Canvey Island – Berlin – Ramsgate – 2008
I never made it to Canvey Island, perhaps I never will. An enclave of under 50, 000, below sea level, Jarrow-on-Sea. Tribalism, clear among Essex folk is tenuously linked in my mind with the ice age and Anglo Saxon invasion. From a regular flight, on a clear day, the whole of Estuarine England can be seen in one view. Charlton, refers to Kerl, roughly ‘Lad’, so the fit Germans left Sheppey to them, and sailed up the ever narrowing Creek to Twickenham, the tidal end to found their first rugby club and penetrate the rich interior revolving round Silchester and Roman Surrey.
Berlin. I lived in Berlin 1978-80, 1990-1997, returning there regularly in between and since.
I circled Berlin on the ringbahn, which takes about one hour, to see what has changed. Commercial development in the east, mainly. Sudbahnhof added. The rail structure now a target cross-hair. I hate the new parliament, love the new stations. At least there is a vista to Main Station. Norman Foster’s original plan would have been best. I had spent a whole week circling the Wrapped Reichstag! Once, in deepest dark winter our flight circled Berlin for hours. The snowploughs battled to clear the runway, temporarily overcoming nature, so they did.
Living in West Bridgford, working in London, in February 2009 I had reason not to return to Nottingham, so, like a nomad, visited somewhere different every weekend, starting with Ramsgate.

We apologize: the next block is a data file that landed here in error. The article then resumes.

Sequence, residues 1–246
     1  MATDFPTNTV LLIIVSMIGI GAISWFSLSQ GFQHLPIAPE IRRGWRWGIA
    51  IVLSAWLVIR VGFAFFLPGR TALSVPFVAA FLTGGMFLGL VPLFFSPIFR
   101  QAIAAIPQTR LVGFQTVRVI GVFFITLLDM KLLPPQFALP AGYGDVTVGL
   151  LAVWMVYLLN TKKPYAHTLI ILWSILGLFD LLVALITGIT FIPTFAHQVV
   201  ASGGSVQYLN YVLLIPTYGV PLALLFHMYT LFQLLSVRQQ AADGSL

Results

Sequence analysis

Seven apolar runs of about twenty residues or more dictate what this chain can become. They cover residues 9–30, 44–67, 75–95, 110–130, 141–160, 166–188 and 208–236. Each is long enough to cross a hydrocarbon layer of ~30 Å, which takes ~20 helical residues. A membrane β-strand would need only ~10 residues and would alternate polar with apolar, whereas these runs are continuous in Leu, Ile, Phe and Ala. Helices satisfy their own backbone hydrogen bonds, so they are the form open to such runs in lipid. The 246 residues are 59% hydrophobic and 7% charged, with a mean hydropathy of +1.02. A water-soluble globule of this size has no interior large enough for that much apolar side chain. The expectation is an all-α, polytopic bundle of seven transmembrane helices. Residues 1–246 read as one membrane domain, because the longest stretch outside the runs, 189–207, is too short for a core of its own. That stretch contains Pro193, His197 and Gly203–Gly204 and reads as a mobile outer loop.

Ramsgate. Out of Charing Cross, staying at a hotel on the cliff, arriving in darkness. Referred to as North Foreland on the Shipping Forecast. Under cliff, stuccoed and timber white painted Queen Anne Regency whatever partly ripped out sea hotels, car parks and ubiquitous post-modern café. Rough seas lash Ramsgate harbour. No foot passengers to Oostende, only cars. One is aware this is the Isle of Thanet. Manston, first target of yellow nosed Messerschmitt not far off. It is possible to walk from Margate to Ramsgate under squat chalk cliffs. Margate Coach Station tucked under cliff, east of the town just like in the 1950’s. With coasters anchored offshore before turning at right angles south to Broadstairs it is acutely obvious and nice to know, this is Thames south river mouth.